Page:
Transparency in Business: Shedding Light on New Standards in Sustainability


Transparency in Business: Shedding Light on New Standards in Sustainability

Co-Authored by Patrick Boyle, Director, Corporate Sustainability, Sloan and Rebecca Macies, Admin/Ops Analyst, Terrapin Bright Green. 

Learn more about our environmental strategy work and services by emailing us at [email protected]. Follow the conversation on twitter: @TerrapinBG.

As sustainability practitioners, we’re always on the lookout for sustainable products and partners that we can trust. It can be challenging to know how sustainable a product or an organization really is when we’re bombarded with information and advertising, our global supply chains are incredibly complex and difficult to navigate, and the evidence and impacts of climate change continue to build. Transparency has become increasingly important as business has become more complex. Having more information available allows us to make more informed choices.

The rise of product labels and certifications, and their increasing rigor, speak to this desire for wide reaching standards and accountability. Most of us are familiar with the rise of labeling that has happened in recent years. Whether it’s through our food purchases, where we see labels such as Fair Trade and USDA Organic, or through our professional careers working with the LEED rating system in buildings or the ISO standards, certification standards have a significant impact on our environment. They are transparent because we know what standards a producer must meet to achieve the label, and they can be held accountable. If companies are audited and are found not meeting the required standards, they can lose their certification and its associated benefits.

We want to be able to trust that the products and people we work with are truly walking the walk of sustainability and health. With that in mind, both Terrapin and Sloan decided to pursue certifications: Terrapin is a Certified B Corporation, and Sloan has Environmental Product Declarations (EPDs), Health Product Declarations (HPDs), and Declare labels for certain products.

Transparency in Products

It all began in 1906 when Sloan introduced the Royal flushometer and has been a leading pioneer in commercial restroom water conservation ever since. The Royal was an alternative to the typical tank and chain set-ups of that time, but it reduced water use by up to six gallons per flush, all while not sacrificing performance.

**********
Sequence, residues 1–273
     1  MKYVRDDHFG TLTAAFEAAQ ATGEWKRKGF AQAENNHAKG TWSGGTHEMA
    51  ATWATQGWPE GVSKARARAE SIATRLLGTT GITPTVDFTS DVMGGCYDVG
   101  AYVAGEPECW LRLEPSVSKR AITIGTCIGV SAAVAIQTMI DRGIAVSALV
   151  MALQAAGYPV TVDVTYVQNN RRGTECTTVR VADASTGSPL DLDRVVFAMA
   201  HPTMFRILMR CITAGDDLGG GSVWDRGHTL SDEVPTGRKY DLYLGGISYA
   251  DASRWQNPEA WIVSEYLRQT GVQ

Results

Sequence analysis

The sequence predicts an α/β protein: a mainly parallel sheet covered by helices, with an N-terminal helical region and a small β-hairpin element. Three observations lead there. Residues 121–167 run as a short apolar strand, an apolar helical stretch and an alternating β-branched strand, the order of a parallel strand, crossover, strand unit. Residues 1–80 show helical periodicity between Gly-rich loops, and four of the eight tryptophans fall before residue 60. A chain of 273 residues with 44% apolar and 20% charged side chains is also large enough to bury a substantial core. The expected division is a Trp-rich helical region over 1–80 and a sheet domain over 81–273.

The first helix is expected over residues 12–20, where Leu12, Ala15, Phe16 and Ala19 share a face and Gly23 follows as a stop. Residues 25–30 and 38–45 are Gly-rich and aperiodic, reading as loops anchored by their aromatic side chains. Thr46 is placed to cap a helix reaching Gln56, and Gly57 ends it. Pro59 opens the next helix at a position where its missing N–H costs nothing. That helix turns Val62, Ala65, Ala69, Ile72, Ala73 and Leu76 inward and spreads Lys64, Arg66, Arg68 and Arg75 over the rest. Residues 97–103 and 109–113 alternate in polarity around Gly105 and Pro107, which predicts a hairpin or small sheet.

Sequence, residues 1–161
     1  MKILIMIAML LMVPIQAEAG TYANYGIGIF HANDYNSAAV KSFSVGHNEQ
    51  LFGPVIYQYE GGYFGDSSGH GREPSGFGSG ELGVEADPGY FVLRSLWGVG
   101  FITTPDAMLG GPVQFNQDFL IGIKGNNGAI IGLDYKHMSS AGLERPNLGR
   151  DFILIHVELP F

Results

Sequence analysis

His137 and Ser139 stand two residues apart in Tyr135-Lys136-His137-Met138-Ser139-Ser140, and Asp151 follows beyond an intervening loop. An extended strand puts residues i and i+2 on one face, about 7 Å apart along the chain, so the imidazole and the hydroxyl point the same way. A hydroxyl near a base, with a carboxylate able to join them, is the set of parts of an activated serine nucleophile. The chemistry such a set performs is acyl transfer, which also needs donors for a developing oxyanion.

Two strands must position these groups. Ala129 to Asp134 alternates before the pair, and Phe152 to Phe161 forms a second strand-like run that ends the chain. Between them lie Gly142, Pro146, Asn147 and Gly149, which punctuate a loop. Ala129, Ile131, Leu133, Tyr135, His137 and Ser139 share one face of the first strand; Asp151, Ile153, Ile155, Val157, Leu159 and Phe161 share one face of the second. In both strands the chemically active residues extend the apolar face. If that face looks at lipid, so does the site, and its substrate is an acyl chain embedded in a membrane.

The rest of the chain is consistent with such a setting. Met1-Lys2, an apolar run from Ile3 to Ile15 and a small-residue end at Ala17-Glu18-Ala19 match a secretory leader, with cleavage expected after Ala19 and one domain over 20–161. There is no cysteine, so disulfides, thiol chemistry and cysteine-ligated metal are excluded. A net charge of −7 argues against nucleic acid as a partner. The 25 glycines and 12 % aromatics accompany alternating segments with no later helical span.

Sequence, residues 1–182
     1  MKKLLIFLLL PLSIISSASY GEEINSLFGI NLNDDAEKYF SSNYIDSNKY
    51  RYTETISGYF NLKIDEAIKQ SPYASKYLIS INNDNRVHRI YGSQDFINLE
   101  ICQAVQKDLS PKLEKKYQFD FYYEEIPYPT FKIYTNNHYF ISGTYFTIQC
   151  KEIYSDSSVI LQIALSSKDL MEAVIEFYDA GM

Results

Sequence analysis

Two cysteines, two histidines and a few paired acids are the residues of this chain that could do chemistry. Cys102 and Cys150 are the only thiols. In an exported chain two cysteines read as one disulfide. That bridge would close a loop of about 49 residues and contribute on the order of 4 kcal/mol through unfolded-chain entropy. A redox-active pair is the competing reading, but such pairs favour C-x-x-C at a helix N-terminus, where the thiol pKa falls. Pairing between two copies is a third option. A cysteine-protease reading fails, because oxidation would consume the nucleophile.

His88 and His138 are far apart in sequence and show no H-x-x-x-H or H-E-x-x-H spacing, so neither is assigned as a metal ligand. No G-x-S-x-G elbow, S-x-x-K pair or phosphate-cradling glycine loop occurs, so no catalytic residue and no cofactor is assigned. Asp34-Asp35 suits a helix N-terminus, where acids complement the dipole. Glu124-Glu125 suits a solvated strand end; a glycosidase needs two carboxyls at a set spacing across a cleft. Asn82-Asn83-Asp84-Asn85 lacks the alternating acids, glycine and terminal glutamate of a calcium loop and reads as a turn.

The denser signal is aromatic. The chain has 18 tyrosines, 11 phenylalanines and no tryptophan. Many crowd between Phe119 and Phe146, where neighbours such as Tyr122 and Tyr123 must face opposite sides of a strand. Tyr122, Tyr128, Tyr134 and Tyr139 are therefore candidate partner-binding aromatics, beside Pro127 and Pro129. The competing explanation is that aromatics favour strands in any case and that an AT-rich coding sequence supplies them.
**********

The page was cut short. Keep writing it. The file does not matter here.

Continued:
Fast forward to 2017 and Sloan is still revolutionizing the sustainability of today’s commercial restrooms with technologies that improve water-efficiency without compromising design, quality, affordability or performance. However, Sloan is not solely focused on water conservation and high performance. We’ve entered the next evolution of sustainable product design, looking beyond how our products conserve water. Sloan’s high efficient fixtures and fittings utilize such small quantities of water to effectively and hygienically evacuate waste that the question of how low can we go begins to emerge.

Consider the evolution of flush volumes for the commercial water closet (toilet) – in the 1950s it took seven gallons of water to flush the standard toilet. Today, a water closet needs only 1.1 gallons to flush. The water savings for urinals have been even more dramatic, as commercial urinals use as little as 0.125 gpf, or less with waterfree and hybrid fixtures.

Evolution of Commercial Restroom Design

So how much further can we go to reduce water consumption without sacrificing sanitation for the sake of conservation? With that in mind the next evolution of commercial restroom design in upon us – product transparency.

This evolution opens the door to infinite opportunities that recognize the entire life-cycle of an individual product, from harvesting those metals from the earth to manufacturing, operation, and end-of- life – a true “cradle-to-grave” perspective.

The development and incorporation of EPDs and HPDs are ushering in a new level of sustainability, shifting and broadening our focus from gallons per flush to how each production detail can impact both human beings and the environment. EPDs and HPDs are taking green, high performance construction to another level—offering the product transparency that an increasing number of architects, designers, engineers and building owners are demanding.